Telematics is changing farming for good

Like this post?

When we look at telematics benefits here at Telematics.com, we tend to focus on industries like construction, insurerance, professional drivers and maintenance, but being able to get to the job site on time or know that your driver has taken one too many personal trips in your company vehicle aren’t the only uses for the tech (beyond the usual money saving bonuses). Making sure a complicated and expensive vehicle is being maintained properly and isn’t about to suffer any sort of catastrophic failure is also a big part of it and it’s making a big difference to farming.

Farming equipment has a lot going for it, but it also tends to be very big, very expensive and incredibly heavy. That means you can’t exactly pop to the local dealership if something goes wrong. It also means that when something does go wrong, it can be quite big, which could leave the combine or whatever other vehicle unable to move under its own power. That’s why telematics are becoming a life saving feature for a lot of farmers, since the maintenance company or manufacturer can monitor the vehicle remotely, checking its vitals are all up to scratch and that it isn’t set to overload any stressed components.

Dealers and maintenance staff can look at all sorts of notifications and metrics behind the scenes, which can tell an experienced individual that the vehicle in question needs a service, or if something isn’t working at an optimum rate. These are things that a standard farm worker may not notice, not through any fault of their own, but because they don’t have the training and information to hand.

Drones are beginning to see some use in farming and tracking them is very important.

Drones are beginning to see some use in farming and tracking them is very important.

Beyond keeping everything in ship shape though, telematics is offering a lot of other benefits to farmers, which agricultural vehicle manufacturers like CLAAS are more than happy to introduce farmers to.

“At its most basic level, a telematics system tells the owner where the machine is and what it’s doing, while providing the dealer with diagnostics information to help schedule servicing and prompt an alert if a problem arises,” said product manager Edward Miller of CLAAS.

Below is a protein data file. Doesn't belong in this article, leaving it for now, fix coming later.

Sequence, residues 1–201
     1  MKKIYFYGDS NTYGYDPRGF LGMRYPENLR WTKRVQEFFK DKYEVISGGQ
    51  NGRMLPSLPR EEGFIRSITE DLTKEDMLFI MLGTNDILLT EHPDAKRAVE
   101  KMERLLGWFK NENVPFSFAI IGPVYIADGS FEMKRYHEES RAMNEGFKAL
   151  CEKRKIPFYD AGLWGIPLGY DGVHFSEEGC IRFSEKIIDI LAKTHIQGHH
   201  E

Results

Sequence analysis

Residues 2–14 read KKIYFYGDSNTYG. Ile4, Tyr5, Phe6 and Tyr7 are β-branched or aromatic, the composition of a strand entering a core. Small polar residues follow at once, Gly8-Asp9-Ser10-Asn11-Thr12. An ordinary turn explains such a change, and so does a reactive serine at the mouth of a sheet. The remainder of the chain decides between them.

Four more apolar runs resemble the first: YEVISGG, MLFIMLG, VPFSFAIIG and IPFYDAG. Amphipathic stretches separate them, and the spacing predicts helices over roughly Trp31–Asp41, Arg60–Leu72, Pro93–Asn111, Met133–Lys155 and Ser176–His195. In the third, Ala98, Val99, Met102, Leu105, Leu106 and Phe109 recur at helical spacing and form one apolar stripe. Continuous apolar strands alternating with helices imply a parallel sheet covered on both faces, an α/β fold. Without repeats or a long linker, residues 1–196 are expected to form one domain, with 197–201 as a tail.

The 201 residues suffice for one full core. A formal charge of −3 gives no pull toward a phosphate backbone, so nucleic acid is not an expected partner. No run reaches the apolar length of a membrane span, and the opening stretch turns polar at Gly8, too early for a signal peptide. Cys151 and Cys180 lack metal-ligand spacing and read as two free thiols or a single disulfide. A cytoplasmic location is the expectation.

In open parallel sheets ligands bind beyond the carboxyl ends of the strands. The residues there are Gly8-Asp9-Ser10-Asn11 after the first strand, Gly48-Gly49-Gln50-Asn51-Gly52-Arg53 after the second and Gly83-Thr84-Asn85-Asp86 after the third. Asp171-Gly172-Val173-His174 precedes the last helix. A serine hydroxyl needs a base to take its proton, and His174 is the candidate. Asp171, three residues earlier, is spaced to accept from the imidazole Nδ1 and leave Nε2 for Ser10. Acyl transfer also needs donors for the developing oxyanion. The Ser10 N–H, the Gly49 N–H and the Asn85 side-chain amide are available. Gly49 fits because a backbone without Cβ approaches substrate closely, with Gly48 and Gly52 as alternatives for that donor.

“At a higher level, it can be used for field efficiency analysis and automated field operation recording – which can be summarised as: ‘When did I start, when did I finish, and what did I do?'”

Checking to see how fast certain work was completed and whether it could be improved upon through data analysis is making farms more efficient than ever, which is helping them save money in the long run. There are still quite often a number of people involved in certain aspects of farming, particularly during harvesting season, so they can run up quite high costs for the farm owners. Making it so that only necessary work is carried out in the most efficient way possible, could truly help save the British farm industry, which has suffered under price cuts in recent years, making it hard for many to turn a profit.

To make the task of installing telematics easy for farmers, CLAAS has introduced a three tier system of implementation. The first, and cheapest package, offers basic vehicle tracking and service diagnostics. Advanced adds yield recording and analysis of the past few days of operation, whereas the full package – and therefore the most expensive – provides unlimited data storage and analysis, so farmers can continue iterating their methods to improve their farm’s efficiency in the long term.

[Thanks FarmersWeekly]

Image source: Lima Pix, David Wright

The following two tabs change content below.
Jon Martindale is an English author and journalist, who's written for a number of high-profile technology news outlets, covering everything from the latest hardware and software releases, to hacking scandals and online activism.